A Kid Reviews the Coding Critters from Learning Resources
This screen-free toy that teaches coding was a hit with Stephen, Actual Human Child, age 5.
Deena Campbell · about 2 months ago
Dogs are a hot topic in our household. Whenever our family is within 10 feet of a dog of any size or kind, our kids shout, “Puppy!” at the top of their lungs. Here’s the deal: Our 2-year-old daughter (Campbell) and 5-year-old son (Stephen) desperately want a dog, but my husband and I don’t want the extra responsibility. At least not now, or anytime in the immediate future. This means toys that feature puppies, like Coding Critters, get all the attention.
You can imagine Stephen’s delight when he saw the little guys in the Learning Resources Coding Critters box. “Mom, does the puppy bark? Wow, it has a house, too? Does it roll over?” I began to slowly remove each item from the box. His excitement grew by the second.
I should mention that this was our second attempt at playing with the critters. We had opened the box a week prior, only to discover we needed 3 AAA batteries, and at the time we only had AA batteries. Rookie mom mistake, for sure. Note to self, and to you: Always keep several sizes of batteries around the house, because the toy is always going to require the kind you don’t have.
Two minutes later, everything was out of the box and spread out on the floor—we were ready to start coding. I began reading directions to Stephen. “Press the DIRECTION button on Coding Critter’s back to begin inputting a coding sequence of up to 30 steps.”
The steps went over his head at first: He’s a dive-in and “learn as you go” type of child, which I respect most days. He gets it honest. But this time I wanted him to get a full picture of the rules. I gave in (rookie mom mistake #2?) and started pressing buttons. “He barked, mommy!” We were off to a great start.
For our first round, we decided to code Ranger to the tree. “So he can bark up it!” said my precocious Kindergartener. Our sequence consisted of seven steps (five forward, one right and one forward). Initially, I thought this would be too many steps for a little guy, but he wanted to go for gold, and who was I to stifle his coding experience?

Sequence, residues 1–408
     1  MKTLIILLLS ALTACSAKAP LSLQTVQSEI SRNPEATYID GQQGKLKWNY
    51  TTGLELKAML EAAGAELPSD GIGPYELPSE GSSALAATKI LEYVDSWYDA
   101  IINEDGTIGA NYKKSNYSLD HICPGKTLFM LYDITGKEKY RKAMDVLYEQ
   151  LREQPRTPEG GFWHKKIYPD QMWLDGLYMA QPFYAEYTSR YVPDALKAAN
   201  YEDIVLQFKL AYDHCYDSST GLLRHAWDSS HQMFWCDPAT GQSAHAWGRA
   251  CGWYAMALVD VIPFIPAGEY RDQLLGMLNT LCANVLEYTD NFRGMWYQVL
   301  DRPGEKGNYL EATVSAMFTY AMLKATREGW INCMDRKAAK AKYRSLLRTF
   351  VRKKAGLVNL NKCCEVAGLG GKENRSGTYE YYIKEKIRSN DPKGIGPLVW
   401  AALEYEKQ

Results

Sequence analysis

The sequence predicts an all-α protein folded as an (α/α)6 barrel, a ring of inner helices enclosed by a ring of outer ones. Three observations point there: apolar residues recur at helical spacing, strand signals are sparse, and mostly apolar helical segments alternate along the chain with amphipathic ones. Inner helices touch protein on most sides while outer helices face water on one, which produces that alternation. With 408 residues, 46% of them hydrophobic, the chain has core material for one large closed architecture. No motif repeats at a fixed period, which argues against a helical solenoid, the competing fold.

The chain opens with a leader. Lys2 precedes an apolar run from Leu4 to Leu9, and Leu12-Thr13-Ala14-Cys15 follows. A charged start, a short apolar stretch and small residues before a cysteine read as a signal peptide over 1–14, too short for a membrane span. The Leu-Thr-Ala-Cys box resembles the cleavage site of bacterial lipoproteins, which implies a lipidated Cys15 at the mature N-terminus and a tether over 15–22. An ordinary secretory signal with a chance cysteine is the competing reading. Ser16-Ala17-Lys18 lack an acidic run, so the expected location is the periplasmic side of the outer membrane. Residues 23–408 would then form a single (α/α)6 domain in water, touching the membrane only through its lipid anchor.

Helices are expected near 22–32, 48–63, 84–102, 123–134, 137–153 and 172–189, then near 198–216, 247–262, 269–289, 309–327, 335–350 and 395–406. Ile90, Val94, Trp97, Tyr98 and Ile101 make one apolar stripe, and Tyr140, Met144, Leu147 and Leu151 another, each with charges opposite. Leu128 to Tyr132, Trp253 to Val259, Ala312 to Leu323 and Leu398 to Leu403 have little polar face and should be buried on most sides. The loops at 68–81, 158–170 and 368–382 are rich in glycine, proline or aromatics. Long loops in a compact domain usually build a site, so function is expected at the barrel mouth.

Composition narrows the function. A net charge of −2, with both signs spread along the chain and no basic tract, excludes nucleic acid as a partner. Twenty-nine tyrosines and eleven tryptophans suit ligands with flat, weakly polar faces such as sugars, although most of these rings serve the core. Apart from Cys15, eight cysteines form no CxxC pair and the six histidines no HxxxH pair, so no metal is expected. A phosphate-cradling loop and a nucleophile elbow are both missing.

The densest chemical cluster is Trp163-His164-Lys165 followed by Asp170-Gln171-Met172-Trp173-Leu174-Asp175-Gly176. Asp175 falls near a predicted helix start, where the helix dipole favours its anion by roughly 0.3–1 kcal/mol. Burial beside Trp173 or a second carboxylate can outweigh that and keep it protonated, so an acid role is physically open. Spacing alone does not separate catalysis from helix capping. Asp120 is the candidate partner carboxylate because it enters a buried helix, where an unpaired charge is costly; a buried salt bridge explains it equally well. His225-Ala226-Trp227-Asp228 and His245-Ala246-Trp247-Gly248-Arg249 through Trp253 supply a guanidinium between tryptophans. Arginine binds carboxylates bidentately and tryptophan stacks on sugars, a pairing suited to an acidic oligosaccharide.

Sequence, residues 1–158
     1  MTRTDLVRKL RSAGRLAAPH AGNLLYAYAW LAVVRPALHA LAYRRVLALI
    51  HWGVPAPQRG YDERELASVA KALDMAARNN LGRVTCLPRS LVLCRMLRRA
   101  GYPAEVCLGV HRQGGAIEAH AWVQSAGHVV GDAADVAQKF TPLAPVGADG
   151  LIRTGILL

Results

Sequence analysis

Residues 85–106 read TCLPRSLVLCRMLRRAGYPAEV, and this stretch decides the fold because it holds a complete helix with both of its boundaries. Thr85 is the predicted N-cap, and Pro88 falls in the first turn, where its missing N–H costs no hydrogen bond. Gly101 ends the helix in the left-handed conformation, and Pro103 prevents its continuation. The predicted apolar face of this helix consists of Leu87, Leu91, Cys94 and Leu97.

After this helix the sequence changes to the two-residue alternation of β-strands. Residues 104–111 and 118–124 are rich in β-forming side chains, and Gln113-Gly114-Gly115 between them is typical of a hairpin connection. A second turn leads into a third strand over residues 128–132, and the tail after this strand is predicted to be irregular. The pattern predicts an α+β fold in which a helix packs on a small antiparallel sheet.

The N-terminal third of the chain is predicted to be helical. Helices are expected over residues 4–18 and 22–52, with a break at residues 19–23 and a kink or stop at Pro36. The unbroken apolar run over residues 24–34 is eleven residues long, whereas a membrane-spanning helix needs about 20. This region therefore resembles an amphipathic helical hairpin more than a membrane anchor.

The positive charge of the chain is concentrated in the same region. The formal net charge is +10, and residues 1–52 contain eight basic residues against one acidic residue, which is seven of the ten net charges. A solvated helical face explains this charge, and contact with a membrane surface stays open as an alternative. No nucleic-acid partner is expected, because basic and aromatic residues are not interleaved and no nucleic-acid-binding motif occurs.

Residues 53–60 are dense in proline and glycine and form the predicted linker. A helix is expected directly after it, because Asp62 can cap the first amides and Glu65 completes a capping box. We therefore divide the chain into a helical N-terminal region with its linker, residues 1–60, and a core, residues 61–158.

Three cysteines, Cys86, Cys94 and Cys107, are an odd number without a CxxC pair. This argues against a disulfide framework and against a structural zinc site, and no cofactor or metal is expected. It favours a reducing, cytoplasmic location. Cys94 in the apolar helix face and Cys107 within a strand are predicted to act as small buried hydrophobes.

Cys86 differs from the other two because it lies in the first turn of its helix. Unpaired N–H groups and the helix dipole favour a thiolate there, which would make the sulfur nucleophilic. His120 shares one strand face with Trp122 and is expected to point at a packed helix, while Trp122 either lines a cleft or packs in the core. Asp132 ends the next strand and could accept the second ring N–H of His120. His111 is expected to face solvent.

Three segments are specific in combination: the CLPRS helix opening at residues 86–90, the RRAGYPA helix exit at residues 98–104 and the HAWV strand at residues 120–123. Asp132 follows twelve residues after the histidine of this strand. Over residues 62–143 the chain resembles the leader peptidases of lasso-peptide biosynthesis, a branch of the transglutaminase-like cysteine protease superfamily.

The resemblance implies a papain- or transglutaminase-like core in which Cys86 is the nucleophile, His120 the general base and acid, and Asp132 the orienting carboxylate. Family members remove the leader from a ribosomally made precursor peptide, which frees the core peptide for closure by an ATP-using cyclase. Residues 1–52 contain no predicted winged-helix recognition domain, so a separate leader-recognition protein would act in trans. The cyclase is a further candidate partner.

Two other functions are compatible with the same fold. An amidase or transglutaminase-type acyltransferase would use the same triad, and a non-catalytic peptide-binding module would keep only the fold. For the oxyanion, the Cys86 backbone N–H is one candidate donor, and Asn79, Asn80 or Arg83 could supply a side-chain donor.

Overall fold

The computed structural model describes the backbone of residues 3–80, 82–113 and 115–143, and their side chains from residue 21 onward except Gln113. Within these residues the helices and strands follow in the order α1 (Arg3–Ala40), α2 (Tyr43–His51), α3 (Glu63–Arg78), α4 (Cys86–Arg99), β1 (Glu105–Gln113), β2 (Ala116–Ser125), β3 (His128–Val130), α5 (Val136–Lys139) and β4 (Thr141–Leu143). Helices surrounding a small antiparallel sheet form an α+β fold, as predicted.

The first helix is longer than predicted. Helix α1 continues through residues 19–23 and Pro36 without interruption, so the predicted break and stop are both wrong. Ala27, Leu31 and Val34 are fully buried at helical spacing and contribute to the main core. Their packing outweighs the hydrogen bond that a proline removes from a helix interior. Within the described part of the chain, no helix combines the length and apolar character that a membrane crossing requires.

“This is fun,” he declared. “We can tell Ranger to move anytime we want.” The next few sequences consisted of multiple forward and backward moves and Stephen’s favorite: pressing his nose, forcing him to make a sound, back up, and turn.
Next up, we toyed around with play mode, allowing Stephen to take care of Ranger. As a parent, I grew proud watching him feed and put Ranger to bed. Watching Stephen take ownership of our new “pet” almost made me consider getting a real pet. Almost. Who knew a 5-year-old could learn responsibility from a coding toy? And it’s screen-free!
We continued to play for another 30 minutes until Stephen had a bright idea. “Can I screentime with Brian to show him Ranger?” You bet he could. A toy that allows for a parent to have a moment to themselves is a total win in my book.
He grabbed the phone with total excitement. “Brian! You move three steps to the right, then to the left, and then move forward again, but only when I tell you,” he said.
Wait. Was he really trying to code his friend?
“Baby, you can’t code friends. Only Ranger the dog,” I said.
“Oh. Can we get a dog and name him Ranger?”
Touché, my love. Touché.
A few must-know tips about the Learning Resources Coding Critters toy:
Kids will need your assistance. Unless your kid is a genius or has coded before, they’ll need your help setting up and getting the concept of making Ranger move.
Play on the floor. We started on the kitchen table, but when Ranger moved around, we learned he needed more space to freely move about. The floor allowed for more opportunities for exploration.
The sound isn’t obnoxious. If you’re anything like me, you try to avoid loud toys like the plague. Rest assured that Ranger doesn’t bark too loud. There’s also an off button, just in case you’ve truly had enough.
Have fun! Of course the point is to introduce young kids to coding, but don’t forget to have fun in the process. Embrace the craziness. After all, coding can be fun!
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